Debunking a Few Common Misconceptions About Yoga
Before beginning on our yoga journey, perhaps it's worthwhile to debunk a few commonly held myths about yoga:
■ Yoga is not a religion. Yoga is a time-venerated system of practices to help you achieve optimal physical, mental, emotional, and spiritual well-being. For those men who are interested in simply improving their physical health, the physical postures of yoga can be of tremendous benefit. For those men seeking deeper self-knowledge, yoga has other tools to aid them.
■ Yoga is for "real" men. Not only do real men do yoga, but some extremely fit men find the physical demands of some approaches to yoga just as—and sometimes even more—challenging than their traditional fitness activities. Other men appreciate the relaxation and sense of inner peace that yoga can impart. And all men can benefit from yoga.
■ You don't have to be in perfect shape to do yoga. Yoga is not about having the "perfect" body. Yoga is a way to help you achieve the healthiest body and mind you can possibly have. The sooner you begin your practice of yoga, the sooner and the longer you'll be able to reap its many benefits.
While many people associate yoga with physical exercise, yoga is more than just a system of stretches and postures. In its largest sense, yoga is a way of life—a comprehensive system of thought that can provide valuable insight into how best to live your life, including not only care of the physical, but also the emotional, mental, and spiritual aspects of your being. This system has evolved over millennia to offer advice and counsel on such varied topics as diet, exercise, breath, meditation, career, right thinking, right work, and much more. Consequently, various branches of yoga have developed that place varying degrees of emphasis on each of these aspects. Throughout this book, you will find detailed information that will enable you to pick and choose what seems most appropriate to your own current needs and desires.
Central to the traditional practice of yoga is the teacher, sometimes known as a guru (literally "dispeller of darkness" in Sanskrit). Yoga has largely been preserved and transmitted through an oral tradition. The teacher plays an important role in communicating the wisdom of the yoga tradition, and also serves as an experienced coach to guide the student on the path of yoga. While it is not necessary to have a teacher to study yoga, practicing yoga with a teacher can be an invaluable experience. This does not mean that you have to become a disciple of a touted guru. Simply taking a class at the local health club, community center, or adult education facility can provide you with helpful instruction in the basics of yoga, as well as offer a supportive environment created by like-minded individuals as you begin or continue to explore the world of yoga.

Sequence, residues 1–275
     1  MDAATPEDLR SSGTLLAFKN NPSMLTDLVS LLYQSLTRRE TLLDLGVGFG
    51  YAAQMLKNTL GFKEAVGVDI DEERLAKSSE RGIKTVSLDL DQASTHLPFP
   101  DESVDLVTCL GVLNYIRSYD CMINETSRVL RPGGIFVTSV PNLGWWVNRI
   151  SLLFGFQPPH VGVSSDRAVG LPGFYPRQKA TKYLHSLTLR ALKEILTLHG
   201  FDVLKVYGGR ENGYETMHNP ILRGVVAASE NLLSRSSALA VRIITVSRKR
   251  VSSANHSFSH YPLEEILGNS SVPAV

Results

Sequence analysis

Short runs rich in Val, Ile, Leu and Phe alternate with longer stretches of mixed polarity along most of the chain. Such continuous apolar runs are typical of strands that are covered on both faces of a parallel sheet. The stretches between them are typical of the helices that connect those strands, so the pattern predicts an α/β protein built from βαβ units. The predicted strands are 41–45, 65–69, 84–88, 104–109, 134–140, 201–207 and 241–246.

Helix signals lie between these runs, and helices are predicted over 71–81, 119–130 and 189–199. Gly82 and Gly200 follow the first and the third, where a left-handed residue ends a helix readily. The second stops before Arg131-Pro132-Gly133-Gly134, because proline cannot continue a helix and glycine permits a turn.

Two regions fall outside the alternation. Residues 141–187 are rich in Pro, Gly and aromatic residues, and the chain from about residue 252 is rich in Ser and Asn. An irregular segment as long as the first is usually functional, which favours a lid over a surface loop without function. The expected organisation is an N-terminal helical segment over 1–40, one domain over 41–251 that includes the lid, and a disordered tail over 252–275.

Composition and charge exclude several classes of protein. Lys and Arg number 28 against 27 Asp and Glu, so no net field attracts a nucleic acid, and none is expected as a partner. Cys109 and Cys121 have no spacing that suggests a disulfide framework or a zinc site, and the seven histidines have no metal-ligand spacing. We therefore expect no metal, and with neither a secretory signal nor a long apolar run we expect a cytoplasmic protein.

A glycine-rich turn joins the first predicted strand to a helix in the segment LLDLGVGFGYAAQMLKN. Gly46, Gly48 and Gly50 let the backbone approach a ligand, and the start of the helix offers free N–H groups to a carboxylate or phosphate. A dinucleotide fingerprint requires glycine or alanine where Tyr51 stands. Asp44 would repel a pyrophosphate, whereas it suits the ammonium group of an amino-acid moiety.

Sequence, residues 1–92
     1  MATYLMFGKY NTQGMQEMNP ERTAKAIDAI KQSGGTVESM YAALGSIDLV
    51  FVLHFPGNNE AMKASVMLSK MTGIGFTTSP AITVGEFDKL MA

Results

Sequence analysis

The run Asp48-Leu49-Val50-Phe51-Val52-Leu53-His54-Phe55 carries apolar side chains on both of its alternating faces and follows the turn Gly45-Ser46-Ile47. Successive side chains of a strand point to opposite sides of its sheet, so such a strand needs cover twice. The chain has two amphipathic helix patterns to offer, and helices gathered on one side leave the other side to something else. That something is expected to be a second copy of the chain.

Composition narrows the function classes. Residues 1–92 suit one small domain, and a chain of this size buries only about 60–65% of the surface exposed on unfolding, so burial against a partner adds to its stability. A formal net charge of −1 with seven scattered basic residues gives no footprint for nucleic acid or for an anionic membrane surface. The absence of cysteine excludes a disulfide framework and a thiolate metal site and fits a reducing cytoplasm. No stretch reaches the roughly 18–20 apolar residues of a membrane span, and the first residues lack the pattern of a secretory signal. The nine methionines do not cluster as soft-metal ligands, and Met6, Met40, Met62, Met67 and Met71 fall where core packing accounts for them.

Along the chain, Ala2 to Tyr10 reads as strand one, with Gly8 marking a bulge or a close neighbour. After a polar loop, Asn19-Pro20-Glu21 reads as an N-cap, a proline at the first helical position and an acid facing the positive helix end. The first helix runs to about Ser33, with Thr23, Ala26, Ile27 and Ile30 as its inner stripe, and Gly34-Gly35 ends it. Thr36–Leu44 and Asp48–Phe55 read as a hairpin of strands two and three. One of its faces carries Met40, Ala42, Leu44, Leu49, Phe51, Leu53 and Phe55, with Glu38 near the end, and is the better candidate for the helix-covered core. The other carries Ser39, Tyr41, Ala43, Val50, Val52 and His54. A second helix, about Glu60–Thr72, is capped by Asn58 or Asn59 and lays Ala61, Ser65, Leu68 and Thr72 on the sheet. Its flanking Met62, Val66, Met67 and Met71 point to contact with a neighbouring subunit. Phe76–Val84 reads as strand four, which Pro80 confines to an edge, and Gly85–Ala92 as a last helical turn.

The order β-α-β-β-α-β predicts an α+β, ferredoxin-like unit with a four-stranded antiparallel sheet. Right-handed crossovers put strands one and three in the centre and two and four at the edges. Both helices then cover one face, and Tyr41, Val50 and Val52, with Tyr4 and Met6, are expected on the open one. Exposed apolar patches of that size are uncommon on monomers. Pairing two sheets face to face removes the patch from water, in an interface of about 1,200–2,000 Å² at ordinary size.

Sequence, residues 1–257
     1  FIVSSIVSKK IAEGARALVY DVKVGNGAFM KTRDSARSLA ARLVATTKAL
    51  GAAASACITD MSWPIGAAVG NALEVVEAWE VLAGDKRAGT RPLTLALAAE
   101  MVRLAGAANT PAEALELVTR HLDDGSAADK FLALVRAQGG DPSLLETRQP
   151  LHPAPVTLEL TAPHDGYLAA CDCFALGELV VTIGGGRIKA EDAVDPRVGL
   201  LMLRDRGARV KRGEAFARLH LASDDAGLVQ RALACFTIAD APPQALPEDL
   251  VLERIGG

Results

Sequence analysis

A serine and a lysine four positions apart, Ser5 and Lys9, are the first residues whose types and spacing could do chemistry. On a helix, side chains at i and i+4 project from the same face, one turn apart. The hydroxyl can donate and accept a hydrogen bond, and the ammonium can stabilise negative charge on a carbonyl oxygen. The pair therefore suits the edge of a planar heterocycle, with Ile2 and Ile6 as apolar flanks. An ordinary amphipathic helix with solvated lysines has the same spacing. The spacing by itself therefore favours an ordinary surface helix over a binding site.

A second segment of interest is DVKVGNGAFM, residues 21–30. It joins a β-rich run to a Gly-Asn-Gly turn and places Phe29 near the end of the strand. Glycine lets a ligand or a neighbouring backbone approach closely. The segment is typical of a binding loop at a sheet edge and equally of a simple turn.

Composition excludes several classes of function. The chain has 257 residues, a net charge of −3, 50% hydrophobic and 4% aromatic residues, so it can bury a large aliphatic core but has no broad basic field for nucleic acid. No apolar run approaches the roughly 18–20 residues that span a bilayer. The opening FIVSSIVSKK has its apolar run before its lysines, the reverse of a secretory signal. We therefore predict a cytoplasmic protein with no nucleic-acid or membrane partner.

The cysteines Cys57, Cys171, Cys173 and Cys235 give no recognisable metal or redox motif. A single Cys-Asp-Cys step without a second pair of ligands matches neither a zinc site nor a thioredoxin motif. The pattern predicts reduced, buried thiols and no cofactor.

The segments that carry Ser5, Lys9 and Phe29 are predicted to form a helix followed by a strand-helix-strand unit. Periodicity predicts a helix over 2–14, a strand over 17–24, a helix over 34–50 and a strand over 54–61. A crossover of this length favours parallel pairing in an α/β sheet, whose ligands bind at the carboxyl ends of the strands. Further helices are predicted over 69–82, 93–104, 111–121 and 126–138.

There are many factors to consider in selecting a teacher. The following tips can help you get started in finding the teacher or class that's right for you:
■ Yoga is both an art and a discipline. As in any healing art, extent of formal training, years of experience, and natural gifts are all important criteria in selecting a teacher.
■ Find out what style of yoga the teacher practices. Some styles of yoga are gentle and easy, while others can be physically demanding. Match the style of the teacher and the type of yoga he or she teaches to your own style and needs.
■ Check the teacher and/or sponsoring organization's background. Unlike some other healthcare fields, there is no legal requirement for yoga teachers to be certified or otherwise credentialed. Many teachers seek certification from nationally recognized organizations, while many others do not. Backgrounds vary widely: Find out as much as you can about the specific training of any prospective teacher.
■ Ask for personal recommendations from friends, healthcare providers, fitness specialists, and other individuals whose judgment you value. Personal recommendation can be the best way of finding a good teacher. However, try to pinpoint what the individual providing the referral likes about the teacher: What your friend values may be different from what you value.
■ Check for professional affiliations. Many yoga teachers join professional associations, which maintain minimum standards of training and experience, and require members to adhere to a code of ethical conduct.